Who I amHaving spent my early years travelling around the world, learning different languages and diving in different oceans, I have developed an immeasurable appreciation of the marine environment and its delicate ecosystems. Two decades ago, my husband Navot and I sailed with our two toddlers from Florida to Palau, an island of the Micronesia group in the western Pacific Ocean. We made our home on the island in 1993 and had two more children. I soon acquired a deep love for the culture, flora and fauna of this island nation. The realisation that sharks are badly treated locally and internationally, and that little is known about many of the species, led me to establish the Micronesia Shark Foundation (MSF) in 2002. I am the president of MSF and the owner and general manager of the Fish ’N Fins dive centre and the Ocean Hunter live-aboard scuba fleet.
Where I workAmong the projects I am involved with is one that takes education about sharks into schools. I developed a programme that appeals to island children and for the past five years have travelled with a dedicated team to all the elementary schools in Palau. With the programme as a model, the team has also visited the islands of Yap and Pohnpei in the Micronesian region. ‘Finny the Funny Shark’, the lead actor in the programme, has become a popular mascot at local schools. I got together with talented local youth and created two children’s books that deal with protecting sharks. With the help of the Save Our Seas Foundation (SOSF), we hand out the books to all fifth-graders in Palau and on the neighbouring islands.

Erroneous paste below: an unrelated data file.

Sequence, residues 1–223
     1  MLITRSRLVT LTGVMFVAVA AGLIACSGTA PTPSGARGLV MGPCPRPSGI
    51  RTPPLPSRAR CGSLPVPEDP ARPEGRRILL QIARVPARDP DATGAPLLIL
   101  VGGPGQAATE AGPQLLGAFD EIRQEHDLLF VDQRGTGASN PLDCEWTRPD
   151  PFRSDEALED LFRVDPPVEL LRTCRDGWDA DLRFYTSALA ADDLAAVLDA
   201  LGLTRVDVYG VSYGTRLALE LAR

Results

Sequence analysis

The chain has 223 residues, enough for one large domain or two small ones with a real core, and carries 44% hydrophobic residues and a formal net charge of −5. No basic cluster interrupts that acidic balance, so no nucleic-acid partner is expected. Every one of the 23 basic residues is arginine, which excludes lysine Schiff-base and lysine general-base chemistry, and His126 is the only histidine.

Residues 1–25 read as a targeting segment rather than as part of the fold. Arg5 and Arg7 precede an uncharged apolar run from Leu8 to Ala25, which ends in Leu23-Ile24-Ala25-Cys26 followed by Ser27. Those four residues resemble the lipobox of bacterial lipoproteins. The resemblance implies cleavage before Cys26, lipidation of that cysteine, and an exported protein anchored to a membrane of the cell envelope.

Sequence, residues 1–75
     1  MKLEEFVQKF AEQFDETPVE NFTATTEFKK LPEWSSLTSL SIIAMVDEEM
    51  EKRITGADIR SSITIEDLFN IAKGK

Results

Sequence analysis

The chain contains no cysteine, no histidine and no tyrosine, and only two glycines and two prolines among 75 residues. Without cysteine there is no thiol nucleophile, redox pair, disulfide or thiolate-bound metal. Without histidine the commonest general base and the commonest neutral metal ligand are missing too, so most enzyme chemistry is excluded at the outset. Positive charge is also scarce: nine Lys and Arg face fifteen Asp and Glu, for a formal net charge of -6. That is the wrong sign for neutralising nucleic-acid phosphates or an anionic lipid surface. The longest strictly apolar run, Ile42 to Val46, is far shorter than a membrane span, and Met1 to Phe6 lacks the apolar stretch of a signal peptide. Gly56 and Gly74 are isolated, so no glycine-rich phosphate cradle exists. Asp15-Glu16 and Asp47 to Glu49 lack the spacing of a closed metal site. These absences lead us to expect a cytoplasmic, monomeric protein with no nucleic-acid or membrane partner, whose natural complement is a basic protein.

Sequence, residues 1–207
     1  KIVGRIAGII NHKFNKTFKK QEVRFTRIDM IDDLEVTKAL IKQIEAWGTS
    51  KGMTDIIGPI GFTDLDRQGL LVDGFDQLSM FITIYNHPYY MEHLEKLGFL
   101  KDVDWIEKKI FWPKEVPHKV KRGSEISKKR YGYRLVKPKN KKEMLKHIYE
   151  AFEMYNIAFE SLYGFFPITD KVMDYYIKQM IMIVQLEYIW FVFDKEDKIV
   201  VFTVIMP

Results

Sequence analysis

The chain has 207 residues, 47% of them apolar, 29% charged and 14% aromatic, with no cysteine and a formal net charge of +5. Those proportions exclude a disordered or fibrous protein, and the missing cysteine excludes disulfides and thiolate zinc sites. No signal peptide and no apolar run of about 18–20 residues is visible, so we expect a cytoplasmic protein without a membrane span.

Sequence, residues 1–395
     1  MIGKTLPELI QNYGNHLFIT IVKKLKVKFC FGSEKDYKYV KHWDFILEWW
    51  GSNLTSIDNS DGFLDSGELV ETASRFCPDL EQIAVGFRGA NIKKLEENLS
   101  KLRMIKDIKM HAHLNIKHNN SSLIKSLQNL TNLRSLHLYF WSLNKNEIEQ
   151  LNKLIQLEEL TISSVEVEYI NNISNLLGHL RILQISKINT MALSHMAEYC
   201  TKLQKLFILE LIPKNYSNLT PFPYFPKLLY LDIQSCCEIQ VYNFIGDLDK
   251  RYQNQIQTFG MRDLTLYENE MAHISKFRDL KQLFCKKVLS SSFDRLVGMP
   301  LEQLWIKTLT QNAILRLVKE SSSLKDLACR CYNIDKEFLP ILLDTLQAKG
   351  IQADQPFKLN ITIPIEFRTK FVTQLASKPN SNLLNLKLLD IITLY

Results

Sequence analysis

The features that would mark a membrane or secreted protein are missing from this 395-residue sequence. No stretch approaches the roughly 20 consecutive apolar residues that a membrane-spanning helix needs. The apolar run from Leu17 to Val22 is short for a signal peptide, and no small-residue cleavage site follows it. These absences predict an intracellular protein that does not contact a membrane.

What I doThrough MSF I initiated the first shark study in Palau, which collected, distributed and analysed data that could be used to protect sharks in the region. Micronesia’s first shark count was part of this, whereby tour operators and volunteers recorded the sharks they saw and noted other information, such as the species, gender and markings of the individual and the depth and water temperature of its location. Working with government organisations, we used the results to assist with shark protection. Collecting DNA samples, documenting illegal shark finning in Palau and developing shark count procedures also led to the compilation of a significant amount of data, which was recognised as valid citizen science and formed the basis of a scientific paper. In partnership with the Australian Institute of Marine Science (AIMS) under the leadership of Dr Mark Meekan (also a member of the SOSF scientific team), MSF has been conducting various shark studies in Palau. Over the past couple of years these have included: an analysis of habitat use by grey reef sharks; fitting five sharks with depth-sensor tags to better understand the depth distribution of sharks; identifying individual sharks for population demography studies by means of a new non-invasive technique; and reef surveys in Koror State Southern Lagoon and of Eastern and Northern Reefs, and a comparison of the results with those from the survey of South West Islands reefs in June 2012. We have also published a study entitled ‘Socio-economic value of reef sharks as a non-consumptive resource in Palau, Micronesia’, and launched a documentary about the problem of illegal fishing in remote parts of Palau and the resulting decline in reef sharks. Our ongoing community monitoring programme continues to thrive, with close to 4,000 shark count sheets having been returned by ecotourism operators over four years. And we continue to work closely with the Palau government on shark protection issues. Looking ahead, MSF aims to maintain its efforts to protect sharks in Palau and Micronesia. Without government and community support, the region’s healthy shark population could vanish very quickly.